On December 7, 2017, I filed a complaint with the DOT regarding an Aeroplan award ticket for travel in Swiss first class that was canceled. As a reminder, on November 30, 2017, Swiss made some first class award seats available through partner programs. This isn’t the first time something like this has happened — for example, last year a similar thing occurred, and Swiss honored all those tickets (I even flew them in first class from Zurich to Los Angeles).
While Aeroplan issued the tickets, Swiss unilaterally decided to cancel them.
I had never filed a DOT complaint before, but figured this was an occasion on which it would be interesting to do so. What makes this different than other situations is that this wasn’t a mistake fare — this was an award ticket sold at the published cost.
Well, two weeks after my complaint with Swiss was filed, I got an email from Rosemary at Swiss, who is an “Expert.” On the email she CCed the DOT. Here’s the email, in its entirety:
Dear Mr. Schlappig:
We received your correspondence from the Department of Transportation, in regard to your booking using your Aeroplan miles for travel on SWISS.
The reservation you purchased on November 30, 2017 was an erroneously published fare that was not calculated, published, or sold by SWISS. The affected itineraries were all mileage award tickets booked via Aeroplan on Air Canada ticket stock for one-way and round-trip travel in first class, despite the fact that award bookings are not permitted in First Class by SWISS as evidenced on the Aeroplan Miles Flight Reward Chart attached hereto.
Your ticket was issued without SWISS’ knowledge or approval. Swiss did not make any changes in our reservation system or have any procedural changes that would have authorized the bookings. The fare you purchased was clearly made available by Aeroplan in error. Pursuant to Rule 005(F) of SWISS’ tariff, which is part of the contract of carriage between SWISS and its passengers, “SWISS reserves the right to cancel reservations and/or tickets issued with an erroneously quoted fare . . .” and “void the purchased ticket . . .” please see attached SWISS tariff.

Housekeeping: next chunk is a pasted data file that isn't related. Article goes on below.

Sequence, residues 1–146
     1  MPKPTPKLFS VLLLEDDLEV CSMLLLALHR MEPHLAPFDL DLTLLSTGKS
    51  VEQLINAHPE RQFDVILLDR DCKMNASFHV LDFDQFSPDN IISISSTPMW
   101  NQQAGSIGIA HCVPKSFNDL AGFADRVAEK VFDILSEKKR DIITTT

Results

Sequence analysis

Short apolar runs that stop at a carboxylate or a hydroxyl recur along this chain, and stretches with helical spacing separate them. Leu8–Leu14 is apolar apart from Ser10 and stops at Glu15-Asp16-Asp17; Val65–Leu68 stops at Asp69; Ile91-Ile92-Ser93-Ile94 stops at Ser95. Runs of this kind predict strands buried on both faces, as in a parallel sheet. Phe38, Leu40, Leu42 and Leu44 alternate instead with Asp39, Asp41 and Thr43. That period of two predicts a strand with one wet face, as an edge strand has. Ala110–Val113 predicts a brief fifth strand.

As soon as SWISS became aware of the erroneous fare, SWISS cancelled those tickets, and promptly contacted Aeroplan. Unfortunately, SWISS has no control over tickets issued by its interline partners. We are happy to see that Aeroplan has contacted the passengers affected by this to personally arrange first or business class redemption on another Star Alliance carrier or reinstate miles free of charge.
We realize, in light of the competitive nature of the airline industry, there is no guarantee of continued patronage and we are appreciative of your support.
What I find most interesting about this letter is how Swiss claims they literally have no responsibility in having made this made inventory available:
- “An erroneously published fare that was not calculated, published, or sold by SWISS”
- “Pursuant to Rule 005(F) of SWISS’ tariff, which is part of the contract of carriage between SWISS and its passengers, ‘SWISS reserves the right to cancel reservations and/or tickets issued with an erroneously quoted fare . . .'”
It’s clear that Swiss is completely throwing Aeroplan and Air Canada under the bus here. They make it sound as if Aeroplan somehow opened up these award seats, though it’s not my understanding that this is what happened (after all, partner airlines can’t offer more seats than the operating airline directly makes available).
To suggest that this is being canceled on the grounds of this being an “erroneously quoted fare” is simply untrue. The ticket was booked at the published fare.
Anyway, this makes for an unfortunate situation. I think Swiss is really the airline responsible here, since it’s my understanding that they’re the ones who made the award space available, and they’re also the ones who canceled the tickets. They’re just refusing to take any accountability here. At the same time, they’re not completely off base in shifting blame, since ultimately my contract was with Aeroplan, since they issued my ticket.
What do you make of Swiss’ response to this situation?